My mother wakes up late
      By Mariano Zaro

      My mother wakes up late these days.
      I help her to get up. I put on her glasses.

      We walk to the bathroom. 25 steps, slowly.
      I hold both her hands as if we were dancing.
      She brushes her feet against the floor.
      I walk backwards.

      It is kind of cloudy today. She says that every morning
      since her sight started to fail.

      She sits on the toilet, rubs her eyes,
      runs her fingers through her hair as if she could remove
      the remains of last night’s medication.

      I am about to prepare the bath. What is that? she says.
      There is a dead moth in the bathtub.

      How is she able to see it?
      She cannot read anymore,
      she cannot sew-she loved sewing,
      cannot watch TV-it bothers her eyes.
      She still has good peripheral vision.
      The doctor has told me.

      The moth has left a trail behind-golden, glittery,
      calligraphy written by a drunken hand.
      A trail of dance and death.

      It’s just a moth, mother. They come in at night. I tell her.
      I clean the bathtub with toilet paper. I let the water run.

      I start to remove my mother’s night gown.
      Five buttons on her chest.
      This must be the end of summer, she says.

      Mi madre se despierta tarde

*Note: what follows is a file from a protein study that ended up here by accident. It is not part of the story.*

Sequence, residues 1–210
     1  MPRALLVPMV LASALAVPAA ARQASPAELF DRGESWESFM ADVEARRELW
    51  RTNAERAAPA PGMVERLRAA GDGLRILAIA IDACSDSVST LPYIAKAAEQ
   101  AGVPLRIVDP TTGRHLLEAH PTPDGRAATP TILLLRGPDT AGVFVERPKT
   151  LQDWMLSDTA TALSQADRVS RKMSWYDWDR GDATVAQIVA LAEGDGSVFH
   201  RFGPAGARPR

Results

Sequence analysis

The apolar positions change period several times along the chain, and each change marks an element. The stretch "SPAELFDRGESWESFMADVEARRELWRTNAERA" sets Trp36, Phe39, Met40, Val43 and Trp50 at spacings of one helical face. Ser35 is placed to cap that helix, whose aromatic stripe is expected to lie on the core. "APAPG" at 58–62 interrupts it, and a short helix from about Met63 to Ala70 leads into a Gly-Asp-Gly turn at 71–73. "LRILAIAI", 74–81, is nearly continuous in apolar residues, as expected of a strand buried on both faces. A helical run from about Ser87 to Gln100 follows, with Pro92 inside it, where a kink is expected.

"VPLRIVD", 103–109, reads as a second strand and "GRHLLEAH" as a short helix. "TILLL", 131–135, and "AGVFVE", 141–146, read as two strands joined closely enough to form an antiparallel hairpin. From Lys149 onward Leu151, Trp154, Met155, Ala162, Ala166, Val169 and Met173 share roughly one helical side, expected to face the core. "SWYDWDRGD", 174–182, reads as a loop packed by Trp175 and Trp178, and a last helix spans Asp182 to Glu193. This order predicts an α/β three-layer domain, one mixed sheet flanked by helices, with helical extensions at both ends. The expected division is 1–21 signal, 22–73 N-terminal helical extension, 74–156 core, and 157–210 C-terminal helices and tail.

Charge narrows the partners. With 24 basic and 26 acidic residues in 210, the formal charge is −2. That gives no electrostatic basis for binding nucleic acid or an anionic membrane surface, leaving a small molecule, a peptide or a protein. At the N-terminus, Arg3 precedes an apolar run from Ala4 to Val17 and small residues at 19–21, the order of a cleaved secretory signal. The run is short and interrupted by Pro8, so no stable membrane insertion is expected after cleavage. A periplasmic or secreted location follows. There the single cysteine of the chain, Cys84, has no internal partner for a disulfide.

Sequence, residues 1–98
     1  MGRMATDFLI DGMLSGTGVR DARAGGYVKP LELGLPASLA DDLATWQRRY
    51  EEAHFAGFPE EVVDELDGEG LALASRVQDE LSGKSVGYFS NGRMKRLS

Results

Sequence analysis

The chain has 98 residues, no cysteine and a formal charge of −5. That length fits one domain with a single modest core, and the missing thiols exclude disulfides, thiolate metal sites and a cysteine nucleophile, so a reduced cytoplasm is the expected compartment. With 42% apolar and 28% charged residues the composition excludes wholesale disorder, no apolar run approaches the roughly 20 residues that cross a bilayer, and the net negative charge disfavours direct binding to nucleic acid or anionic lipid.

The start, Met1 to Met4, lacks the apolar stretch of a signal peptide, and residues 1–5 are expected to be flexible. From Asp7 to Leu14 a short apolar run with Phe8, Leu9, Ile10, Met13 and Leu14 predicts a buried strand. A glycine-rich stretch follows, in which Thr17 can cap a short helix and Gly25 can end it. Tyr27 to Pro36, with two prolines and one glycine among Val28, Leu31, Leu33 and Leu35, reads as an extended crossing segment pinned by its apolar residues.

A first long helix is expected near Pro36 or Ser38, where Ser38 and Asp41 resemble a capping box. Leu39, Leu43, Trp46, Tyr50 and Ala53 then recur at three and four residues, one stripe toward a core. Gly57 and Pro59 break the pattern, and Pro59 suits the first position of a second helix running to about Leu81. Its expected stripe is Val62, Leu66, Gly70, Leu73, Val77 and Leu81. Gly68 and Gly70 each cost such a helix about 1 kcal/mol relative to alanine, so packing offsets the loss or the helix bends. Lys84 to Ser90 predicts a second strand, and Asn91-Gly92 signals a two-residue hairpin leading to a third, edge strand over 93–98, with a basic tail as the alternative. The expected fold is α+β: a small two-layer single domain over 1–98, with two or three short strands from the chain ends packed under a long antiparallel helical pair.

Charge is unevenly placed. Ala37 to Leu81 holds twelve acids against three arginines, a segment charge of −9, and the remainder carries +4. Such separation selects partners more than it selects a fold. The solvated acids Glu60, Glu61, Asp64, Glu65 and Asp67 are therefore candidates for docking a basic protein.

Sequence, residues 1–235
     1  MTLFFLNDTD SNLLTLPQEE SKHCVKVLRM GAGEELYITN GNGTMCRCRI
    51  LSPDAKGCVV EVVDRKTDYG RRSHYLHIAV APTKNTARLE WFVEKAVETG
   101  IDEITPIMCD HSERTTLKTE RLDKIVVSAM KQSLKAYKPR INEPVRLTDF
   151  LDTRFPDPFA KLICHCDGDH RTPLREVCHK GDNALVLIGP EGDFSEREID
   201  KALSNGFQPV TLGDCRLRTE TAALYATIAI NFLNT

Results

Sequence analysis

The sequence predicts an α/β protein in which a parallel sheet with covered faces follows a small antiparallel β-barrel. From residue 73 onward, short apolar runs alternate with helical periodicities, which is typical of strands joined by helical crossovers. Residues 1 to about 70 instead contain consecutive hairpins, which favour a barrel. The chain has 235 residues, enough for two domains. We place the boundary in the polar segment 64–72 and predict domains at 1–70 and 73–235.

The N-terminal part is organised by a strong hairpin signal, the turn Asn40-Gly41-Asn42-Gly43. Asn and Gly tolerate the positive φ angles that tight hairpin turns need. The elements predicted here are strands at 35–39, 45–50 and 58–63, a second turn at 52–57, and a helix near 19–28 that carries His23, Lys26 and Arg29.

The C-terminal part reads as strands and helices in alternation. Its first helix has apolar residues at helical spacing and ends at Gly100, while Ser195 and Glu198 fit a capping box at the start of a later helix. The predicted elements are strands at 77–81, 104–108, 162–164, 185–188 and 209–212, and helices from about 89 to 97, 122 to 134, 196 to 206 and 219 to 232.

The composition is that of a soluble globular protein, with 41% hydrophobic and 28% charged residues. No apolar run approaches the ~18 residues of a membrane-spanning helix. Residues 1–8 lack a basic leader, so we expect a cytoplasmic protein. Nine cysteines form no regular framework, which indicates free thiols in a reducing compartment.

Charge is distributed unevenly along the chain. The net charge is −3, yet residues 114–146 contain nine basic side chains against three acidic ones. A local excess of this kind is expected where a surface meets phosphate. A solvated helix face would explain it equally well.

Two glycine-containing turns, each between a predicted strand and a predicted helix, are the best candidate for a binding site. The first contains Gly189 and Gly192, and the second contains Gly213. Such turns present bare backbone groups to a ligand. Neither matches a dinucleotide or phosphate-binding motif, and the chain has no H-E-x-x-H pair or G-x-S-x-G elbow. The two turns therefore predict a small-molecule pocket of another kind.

Mi madre se despierta tarde.
      La ayudo a levantarse. Le pongo las gafas.

      Caminamos al baño; 25 pasos, despacio.
      La llevo de las dos manos, como si bailáramos.
      Ella arrastra los pies sobre la tarima.
      Yo camino hacia atrás.

      Hoy ha salido nublado. Eso dice cada mañana
      desde que empezó a perder la vista.

      La siento en el váter, se frota los ojos,
      se peina hacia atrás con los dedos,
      como si pudiera sacarse el resto espeso de los somníferos.

      Le preparo el baño. ¿Qué es eso? Me pregunta.
      Hay una polilla muerta en la bañera.

      ¿Cómo ha podido verla?
      Está medio ciega, no puede leer,
      no puede coser, con lo que le gustaba coser,
      no puede ver la tele, le molesta el resplandor.
      Todavía tiene buena visión periférica,
      nos ha dicho el médico.

      La polilla ha dejado un rastro errático,
      una mancha dorada.
      Caligrafía de mano borracha, danza macabra.

      Es una polilla, madre. Entran por la noche. Le digo.
      Limpio la bañera con un clínex. Dejo correr el agua.

      Empiezo a quitarle el camisón.
      Le desabrocho los cinco botones del pecho.
      Debe ser el final del verano, dice mi madre.


      Links to books, bio, new work and events are here on Mariano Zaro’s website.